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Notes on the Panel Discussion “Innovative Design In Modern Guitar Making”

Updated: Jan 10, 2021

By Dan Krugman

On Friday, 4 December, the Fabrication Lab at the Harvard Graduate School of Design (GSD) hosted an online panel discussion on the subject of “Innovative Design in Modern Guitar Making”. Panelists included some icons and luminaries of contemporary lutherie: Ulrich Teuffel, Ken Parker, Michihiro Matsuda, and Rachel Rosenkrantz, as well as Jamie Gale, who has years of experience marketing and selling these instruments. He is also the driving force behind the Boutique Guitar Showcase, a moveable feast of some of the most prominent makers today and has carved out its own space within the NAMM Show. The discussion was moderated by Burton LeGeyt, manager of the Fabrication Lab and a highly-regarded and innovative luthier in his own right.

This event is part of a series geared toward the students within the GSD but this particular discussion was opened to the public and was conceived as way of bridging the gap between the communities of working instrument builders and students or practitioners in the broader world of design. The discussion began, as all panel discussions do, with each member giving a short intro to their work, interests, and motivations.

Rachel Rosenkrantz

Rachel led off with her interest in the topics of biomimicry and bio-materials. While the former seeks to copy structures or functions found in the natural world, the latter seeks new uses for actual natural materials. Some ideas she is currently working on include developing a sort of endoskeleton for her instruments out of porcelain which will serve as an internal resonator, the structure of which is based around how bones are formed. She also has been experimenting with growing mushrooms (she would not reveal what kind) to create a lightweight and somewhat resonant media to fill the interstitial spaces within an instrument. She has also been working for about a year on creating a natural substitute for leather and skin made out of kambucha. She showed some prototype banjo heads she had installed on an instrument, stress-tested to failure and then repaired successfully. Her latest version, which she was getting ready to install the next day, looked like a veritable facsimile of a skin head(at least via Zoom). The downside, she said, was that without the flexibility of collagen, there was nothing to mitigate the brittleness of the material, but her results thus far were promising.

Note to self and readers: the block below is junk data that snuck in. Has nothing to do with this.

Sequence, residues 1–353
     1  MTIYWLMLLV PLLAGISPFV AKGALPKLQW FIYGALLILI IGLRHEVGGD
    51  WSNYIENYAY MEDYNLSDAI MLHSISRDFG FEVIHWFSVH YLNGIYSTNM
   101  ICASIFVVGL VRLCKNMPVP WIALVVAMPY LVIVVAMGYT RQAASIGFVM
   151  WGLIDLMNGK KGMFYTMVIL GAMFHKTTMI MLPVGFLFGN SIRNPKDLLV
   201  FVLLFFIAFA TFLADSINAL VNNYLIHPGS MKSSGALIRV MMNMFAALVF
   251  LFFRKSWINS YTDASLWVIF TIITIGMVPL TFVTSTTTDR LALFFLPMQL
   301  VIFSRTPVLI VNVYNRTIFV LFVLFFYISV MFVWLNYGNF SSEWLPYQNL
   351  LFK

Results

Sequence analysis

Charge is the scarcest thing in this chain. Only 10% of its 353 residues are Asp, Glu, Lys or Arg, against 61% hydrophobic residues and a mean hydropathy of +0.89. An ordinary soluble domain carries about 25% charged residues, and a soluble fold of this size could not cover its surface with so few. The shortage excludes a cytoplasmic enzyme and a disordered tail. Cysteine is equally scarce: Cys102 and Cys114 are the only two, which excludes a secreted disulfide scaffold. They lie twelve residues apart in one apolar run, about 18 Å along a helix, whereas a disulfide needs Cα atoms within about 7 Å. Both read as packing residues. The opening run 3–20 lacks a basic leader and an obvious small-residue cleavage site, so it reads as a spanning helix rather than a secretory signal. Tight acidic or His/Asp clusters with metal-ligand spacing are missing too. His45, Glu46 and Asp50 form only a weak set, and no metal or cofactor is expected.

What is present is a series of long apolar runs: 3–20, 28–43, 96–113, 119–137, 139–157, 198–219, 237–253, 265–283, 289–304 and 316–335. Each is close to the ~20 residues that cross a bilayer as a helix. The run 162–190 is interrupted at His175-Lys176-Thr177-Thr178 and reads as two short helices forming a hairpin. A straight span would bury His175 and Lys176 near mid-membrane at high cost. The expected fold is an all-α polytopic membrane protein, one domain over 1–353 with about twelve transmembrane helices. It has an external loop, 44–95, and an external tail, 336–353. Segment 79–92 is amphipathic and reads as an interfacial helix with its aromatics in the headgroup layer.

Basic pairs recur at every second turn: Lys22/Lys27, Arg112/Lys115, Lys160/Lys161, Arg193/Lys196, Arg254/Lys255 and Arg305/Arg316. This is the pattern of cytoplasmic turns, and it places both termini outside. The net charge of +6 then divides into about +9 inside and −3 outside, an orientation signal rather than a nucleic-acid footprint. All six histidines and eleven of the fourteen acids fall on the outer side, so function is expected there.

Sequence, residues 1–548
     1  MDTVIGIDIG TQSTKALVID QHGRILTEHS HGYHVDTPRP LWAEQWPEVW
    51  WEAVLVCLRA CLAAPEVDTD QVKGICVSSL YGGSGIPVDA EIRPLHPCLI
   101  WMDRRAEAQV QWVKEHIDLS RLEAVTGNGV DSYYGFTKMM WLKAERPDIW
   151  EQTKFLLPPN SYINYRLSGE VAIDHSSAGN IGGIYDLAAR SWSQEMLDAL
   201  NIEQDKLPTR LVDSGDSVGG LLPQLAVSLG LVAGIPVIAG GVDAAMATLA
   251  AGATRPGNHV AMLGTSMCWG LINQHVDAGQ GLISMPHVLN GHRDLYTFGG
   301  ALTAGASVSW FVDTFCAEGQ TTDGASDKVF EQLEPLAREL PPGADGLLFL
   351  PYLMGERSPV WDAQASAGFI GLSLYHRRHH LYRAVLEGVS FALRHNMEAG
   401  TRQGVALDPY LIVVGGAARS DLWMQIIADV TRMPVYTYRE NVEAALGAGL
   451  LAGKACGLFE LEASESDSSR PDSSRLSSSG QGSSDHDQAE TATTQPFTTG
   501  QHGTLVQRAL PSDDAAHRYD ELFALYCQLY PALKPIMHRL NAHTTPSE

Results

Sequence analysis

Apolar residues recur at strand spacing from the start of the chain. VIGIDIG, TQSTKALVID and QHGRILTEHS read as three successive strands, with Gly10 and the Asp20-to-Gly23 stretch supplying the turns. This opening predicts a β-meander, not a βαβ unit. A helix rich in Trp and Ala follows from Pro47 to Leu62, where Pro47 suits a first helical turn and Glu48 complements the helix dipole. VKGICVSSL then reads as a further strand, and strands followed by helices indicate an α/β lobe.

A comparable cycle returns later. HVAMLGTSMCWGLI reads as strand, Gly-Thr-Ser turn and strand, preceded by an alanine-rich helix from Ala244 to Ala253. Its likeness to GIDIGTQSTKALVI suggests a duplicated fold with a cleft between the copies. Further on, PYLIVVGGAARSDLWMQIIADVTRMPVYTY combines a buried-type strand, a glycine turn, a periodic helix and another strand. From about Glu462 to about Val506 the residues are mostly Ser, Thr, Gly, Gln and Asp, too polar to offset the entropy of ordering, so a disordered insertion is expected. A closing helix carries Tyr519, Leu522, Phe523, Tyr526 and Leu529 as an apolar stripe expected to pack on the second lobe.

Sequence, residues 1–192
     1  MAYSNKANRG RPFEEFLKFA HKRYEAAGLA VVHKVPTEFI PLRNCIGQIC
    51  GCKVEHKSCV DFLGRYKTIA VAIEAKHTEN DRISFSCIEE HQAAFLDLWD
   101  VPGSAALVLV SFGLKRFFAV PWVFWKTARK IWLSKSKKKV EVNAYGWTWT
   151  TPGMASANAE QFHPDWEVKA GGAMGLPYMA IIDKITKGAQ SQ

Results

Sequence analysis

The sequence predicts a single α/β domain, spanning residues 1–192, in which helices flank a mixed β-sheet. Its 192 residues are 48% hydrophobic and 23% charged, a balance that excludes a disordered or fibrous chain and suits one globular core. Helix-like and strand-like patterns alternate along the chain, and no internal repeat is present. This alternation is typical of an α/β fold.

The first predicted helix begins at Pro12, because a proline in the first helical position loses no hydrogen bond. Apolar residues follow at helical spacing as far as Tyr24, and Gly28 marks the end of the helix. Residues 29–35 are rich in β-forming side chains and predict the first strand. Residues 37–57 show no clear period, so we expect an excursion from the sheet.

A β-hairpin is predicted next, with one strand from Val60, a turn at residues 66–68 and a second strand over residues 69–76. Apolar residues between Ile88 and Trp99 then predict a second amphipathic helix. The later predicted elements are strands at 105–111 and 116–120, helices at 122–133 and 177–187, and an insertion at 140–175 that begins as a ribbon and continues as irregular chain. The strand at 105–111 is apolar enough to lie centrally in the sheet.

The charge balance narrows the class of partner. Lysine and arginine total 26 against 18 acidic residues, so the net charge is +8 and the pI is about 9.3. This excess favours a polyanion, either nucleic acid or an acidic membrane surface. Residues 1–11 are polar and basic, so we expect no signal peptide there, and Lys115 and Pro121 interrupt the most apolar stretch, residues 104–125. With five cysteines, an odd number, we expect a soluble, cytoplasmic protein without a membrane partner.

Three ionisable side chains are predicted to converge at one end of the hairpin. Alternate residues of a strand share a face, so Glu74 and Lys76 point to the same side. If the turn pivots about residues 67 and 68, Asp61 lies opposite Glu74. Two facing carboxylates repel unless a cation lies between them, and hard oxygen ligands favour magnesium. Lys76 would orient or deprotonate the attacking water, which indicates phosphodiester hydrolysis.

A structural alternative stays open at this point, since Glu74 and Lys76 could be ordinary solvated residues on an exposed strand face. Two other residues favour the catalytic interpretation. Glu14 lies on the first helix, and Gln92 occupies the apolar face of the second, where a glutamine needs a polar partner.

Rachel has previously used other natural materials such as stingray skin as pickguard material. One significant advantage is that in being organic, the ray skin stretches and contracts with instrument through the changing seasons. Rachel has also experimented with making leather from fish products. These last two examples plus the mushroom experiment above are creative uses for materials that would otherwise be classified as waste. Other experiments include using the hexagonal structure of a honeycomb (as used in the synthetic product Nomex) to enhance certain tonal qualities of the guitar. Over a season, Rachel kept bees on a guitar body and let them build their comb behind the bridge. The excess wax, she said, could also be used in the finish of the guitar.

For pictures of Rachel’s latest work, check out her Instagram: @atelier_rosenkrantz.

Michihiro (Michi) Matsuda

Michi Matsuda turns out about seven guitars a year. One of those is usually a kind of personal project for himself. In this discussion, he walked us through his latest creation. Michi said he was interested in the idea of recycling. With the mass production of affordable instruments cranked out each year, if something breaks and the owner takes their instrument in for repair, they are often told that the repair itself would cost more than the value of the guitar. This, Matsuda realized, means there is a surfeit of abandoned instruments in the world that, given a chance, could still be fine instruments.

In its former life, Michi’s guitar had been a Les Paul knock-off but he has thoroughly transformed it into something both familiar and yet totally new. He began by hollowing out the body, leaving only sort of a think rim around the edges, He then made a new, multi-layered top for the guitar. The two outermost layers are made up of discarded chopsticks obtained from a friend’s sushi restaurant which are laid up in what at first glance appears to be a haphazard manner but which likely took some care to arrange. Beneath those lies the actual soundboard, which is rescued from an old piano. The one-piece bridge pokes up through a hole in the chopstick layers and sits on the soundboard beneath. The back of the guitar is left open but does have a partial reflector, made from an old table in Matsuda’s house. The result is visually stunning and bears some of the hallmark ultrafine craftsmanship for which Michi is known.

Beyond the aspect of giving new life to unconventional materials, Michi talked about how beginning with the iconic Les Paul shape served as both a design constraint as to what he could do but he took that also as an opportunity to try to expand the idea of what kind of music this guitar could make. The Les Paul, he said, is often thought of as a rock guitar, but Michi wanted to put it back in “neutral” and hopefully allow the player to approach this form with new eyes. (More on this subject later.)

For pictures of Michi’s latest work, check out his Instagram: @matsudaguitars.

Ken Parker